EU’s Recovery and Resilience Plan – Science or Opinions?


Italy, just like other European countries, has launched recently a National Recovery and Resilience Plan. The plan is funded by the EU in the framework of the NGEU – Next Generation EU – initiative, and Italy’s chunk corresponds to 191.5 billion Euros, to be spent in the period 2021 – 2026. The goal is to boost recovery and the total budget for the plan is 806.9 billion Euros. According to the EU, “The Recovery and Resilience Facility (the Facility) makes €672.5 billion (in 2018 prices) in loans and grants available to support reforms and investments undertaken by Member States. The aim is to mitigate the economic and social impact of the coronavirus pandemic and make European economies and societies more sustainable, resilient and better prepared for the challenges and opportunities of the green and digital transitions”. The keywords of this initiative are two: sustainability and resilience.

The Italian Recovery and Resilience Plan is articulated along numerous lines, such as digitalization, modernization of public administration, ecology, innovation, or mobility, just to name a few. However, it is not the goal of this article to debate the content of the plan.

The plan is ambitious. It embraces one of the most important macro regions of the World. It spans a period of five years, in a moment of high fragility, both from an economic as well as social perspectives. The response to covid-19 has not only crippled the economy, it has also produced numerous negative effects on the society and these will only become apparent in the future. The context is certainly one of high complexity.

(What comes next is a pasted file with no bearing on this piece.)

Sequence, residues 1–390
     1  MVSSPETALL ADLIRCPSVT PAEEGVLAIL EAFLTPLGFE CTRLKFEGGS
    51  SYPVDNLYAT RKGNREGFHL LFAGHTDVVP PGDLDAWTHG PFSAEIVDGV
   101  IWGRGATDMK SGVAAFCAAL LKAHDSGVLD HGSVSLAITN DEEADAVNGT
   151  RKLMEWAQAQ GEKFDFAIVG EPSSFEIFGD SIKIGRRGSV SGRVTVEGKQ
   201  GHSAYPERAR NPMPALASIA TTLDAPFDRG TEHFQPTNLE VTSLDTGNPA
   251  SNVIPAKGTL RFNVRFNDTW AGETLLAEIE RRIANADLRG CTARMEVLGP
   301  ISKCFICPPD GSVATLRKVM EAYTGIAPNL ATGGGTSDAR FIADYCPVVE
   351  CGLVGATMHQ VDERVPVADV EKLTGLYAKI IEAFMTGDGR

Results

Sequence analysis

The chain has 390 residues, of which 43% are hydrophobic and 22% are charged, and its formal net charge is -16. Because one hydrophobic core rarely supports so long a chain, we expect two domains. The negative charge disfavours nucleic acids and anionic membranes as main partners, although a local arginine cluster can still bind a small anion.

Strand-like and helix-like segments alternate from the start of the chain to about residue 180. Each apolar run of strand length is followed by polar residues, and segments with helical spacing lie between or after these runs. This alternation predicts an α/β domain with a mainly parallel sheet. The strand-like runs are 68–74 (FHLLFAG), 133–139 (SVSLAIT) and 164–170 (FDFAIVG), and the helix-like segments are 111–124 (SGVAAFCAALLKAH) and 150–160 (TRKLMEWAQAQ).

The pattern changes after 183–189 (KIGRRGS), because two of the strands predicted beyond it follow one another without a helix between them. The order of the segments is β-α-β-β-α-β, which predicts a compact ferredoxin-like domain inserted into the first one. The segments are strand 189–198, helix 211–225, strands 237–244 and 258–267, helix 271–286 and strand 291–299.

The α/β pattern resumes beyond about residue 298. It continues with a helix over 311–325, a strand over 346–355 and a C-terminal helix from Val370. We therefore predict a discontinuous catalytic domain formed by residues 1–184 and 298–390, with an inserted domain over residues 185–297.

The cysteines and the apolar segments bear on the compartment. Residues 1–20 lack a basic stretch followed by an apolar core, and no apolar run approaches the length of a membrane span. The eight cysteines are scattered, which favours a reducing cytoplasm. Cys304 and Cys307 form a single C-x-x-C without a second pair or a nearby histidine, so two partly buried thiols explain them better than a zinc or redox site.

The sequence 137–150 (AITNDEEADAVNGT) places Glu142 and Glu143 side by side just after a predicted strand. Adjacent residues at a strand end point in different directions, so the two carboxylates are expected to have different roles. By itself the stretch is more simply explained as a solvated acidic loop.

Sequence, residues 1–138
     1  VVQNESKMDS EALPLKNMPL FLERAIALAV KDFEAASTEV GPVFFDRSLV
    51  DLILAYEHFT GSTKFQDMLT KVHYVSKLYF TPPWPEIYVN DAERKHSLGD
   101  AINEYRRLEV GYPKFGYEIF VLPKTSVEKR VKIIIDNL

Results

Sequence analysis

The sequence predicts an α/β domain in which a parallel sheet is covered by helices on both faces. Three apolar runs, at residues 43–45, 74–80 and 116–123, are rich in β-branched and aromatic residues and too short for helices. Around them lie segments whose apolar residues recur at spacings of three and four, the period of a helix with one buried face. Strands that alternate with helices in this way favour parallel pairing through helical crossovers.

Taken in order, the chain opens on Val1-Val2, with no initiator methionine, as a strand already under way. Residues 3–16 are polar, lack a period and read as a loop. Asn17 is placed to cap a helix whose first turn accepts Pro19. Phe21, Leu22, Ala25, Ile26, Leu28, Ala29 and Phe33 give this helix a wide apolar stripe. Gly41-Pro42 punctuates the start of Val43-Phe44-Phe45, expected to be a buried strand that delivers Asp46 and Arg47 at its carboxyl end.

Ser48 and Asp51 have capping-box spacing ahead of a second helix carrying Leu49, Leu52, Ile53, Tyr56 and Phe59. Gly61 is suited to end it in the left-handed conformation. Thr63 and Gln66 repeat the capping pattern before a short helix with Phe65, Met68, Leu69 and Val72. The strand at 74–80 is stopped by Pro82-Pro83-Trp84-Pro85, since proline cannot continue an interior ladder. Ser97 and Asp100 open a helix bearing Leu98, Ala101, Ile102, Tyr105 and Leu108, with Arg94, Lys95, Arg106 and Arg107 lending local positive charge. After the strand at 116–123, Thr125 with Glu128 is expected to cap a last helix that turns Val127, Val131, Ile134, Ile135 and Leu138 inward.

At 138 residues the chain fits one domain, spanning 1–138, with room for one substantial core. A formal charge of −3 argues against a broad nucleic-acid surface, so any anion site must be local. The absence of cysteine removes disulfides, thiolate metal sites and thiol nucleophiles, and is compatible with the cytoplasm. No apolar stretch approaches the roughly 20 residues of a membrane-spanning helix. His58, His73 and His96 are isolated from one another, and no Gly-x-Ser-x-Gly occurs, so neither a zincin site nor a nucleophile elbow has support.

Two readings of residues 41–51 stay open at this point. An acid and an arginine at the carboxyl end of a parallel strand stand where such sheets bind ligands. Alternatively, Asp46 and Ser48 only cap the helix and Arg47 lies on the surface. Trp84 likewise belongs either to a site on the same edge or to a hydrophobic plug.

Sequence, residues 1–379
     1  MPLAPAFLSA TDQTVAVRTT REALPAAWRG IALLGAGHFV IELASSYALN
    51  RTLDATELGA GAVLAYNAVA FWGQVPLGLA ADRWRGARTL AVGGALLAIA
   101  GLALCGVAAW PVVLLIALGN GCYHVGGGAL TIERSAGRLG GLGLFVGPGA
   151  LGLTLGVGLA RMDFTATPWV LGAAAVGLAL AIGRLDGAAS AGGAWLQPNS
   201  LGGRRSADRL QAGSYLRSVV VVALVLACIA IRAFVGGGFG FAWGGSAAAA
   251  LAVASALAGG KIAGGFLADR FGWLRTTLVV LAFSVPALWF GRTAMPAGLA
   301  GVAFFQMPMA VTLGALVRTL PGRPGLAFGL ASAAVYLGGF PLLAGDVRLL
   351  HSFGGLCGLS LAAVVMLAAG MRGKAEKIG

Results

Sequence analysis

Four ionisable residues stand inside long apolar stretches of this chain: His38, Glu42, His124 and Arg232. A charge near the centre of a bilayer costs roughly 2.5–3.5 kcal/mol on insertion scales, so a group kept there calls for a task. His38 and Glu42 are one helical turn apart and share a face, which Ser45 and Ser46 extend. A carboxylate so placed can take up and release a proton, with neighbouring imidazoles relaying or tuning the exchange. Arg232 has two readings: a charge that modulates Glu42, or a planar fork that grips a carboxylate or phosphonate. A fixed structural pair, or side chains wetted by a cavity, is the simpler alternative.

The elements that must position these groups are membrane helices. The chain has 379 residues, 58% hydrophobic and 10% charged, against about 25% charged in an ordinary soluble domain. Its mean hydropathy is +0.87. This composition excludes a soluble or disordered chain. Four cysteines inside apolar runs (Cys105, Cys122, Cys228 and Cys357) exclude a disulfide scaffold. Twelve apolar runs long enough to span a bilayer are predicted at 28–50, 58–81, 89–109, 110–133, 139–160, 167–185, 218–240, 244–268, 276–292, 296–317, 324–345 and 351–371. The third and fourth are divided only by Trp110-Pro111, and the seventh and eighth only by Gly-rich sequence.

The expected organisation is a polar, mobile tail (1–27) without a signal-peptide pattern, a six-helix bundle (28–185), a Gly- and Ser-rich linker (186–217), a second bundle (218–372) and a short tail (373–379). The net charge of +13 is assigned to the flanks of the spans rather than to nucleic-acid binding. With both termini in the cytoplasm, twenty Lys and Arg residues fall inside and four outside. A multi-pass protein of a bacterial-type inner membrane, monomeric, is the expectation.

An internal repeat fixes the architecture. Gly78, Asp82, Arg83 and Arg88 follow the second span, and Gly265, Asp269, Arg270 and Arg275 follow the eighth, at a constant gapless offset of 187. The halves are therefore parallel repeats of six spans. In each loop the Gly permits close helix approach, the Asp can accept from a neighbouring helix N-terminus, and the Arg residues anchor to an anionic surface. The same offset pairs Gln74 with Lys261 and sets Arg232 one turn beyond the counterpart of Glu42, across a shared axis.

The goal of the plan, and of the underlying recovery process is, evidently, to increase resilience. Resilience is, of course, the key to sustainability. A system that is not resilient will never be sustainable. Given the importance of this vital initiative, it is paramount to devise a means of measuring its efficiency, its degree of success. In other words, one could postulate the problem as follows:

Today, in 2021, the resilience of Italy is X. When the plan is over, in 2026, resilience will be Y.

Unless we can measure X and Y how can we possibly know if the plan has been successful or not? Imagine that you are obese, you consult an expensive dietologist and you go on a diet for, say, six months. Unless you can measure your mass on day one of the diet, and then after the six months are up, how will you know if the diet has been successful? Will you just take a look at the mirror, or, maybe, look at the circumference of your new trousers? Certainly not. You will surely track your progress on a daily or weekly basis. That would be a serious and rational way of doing things, especially if the investment is considerable.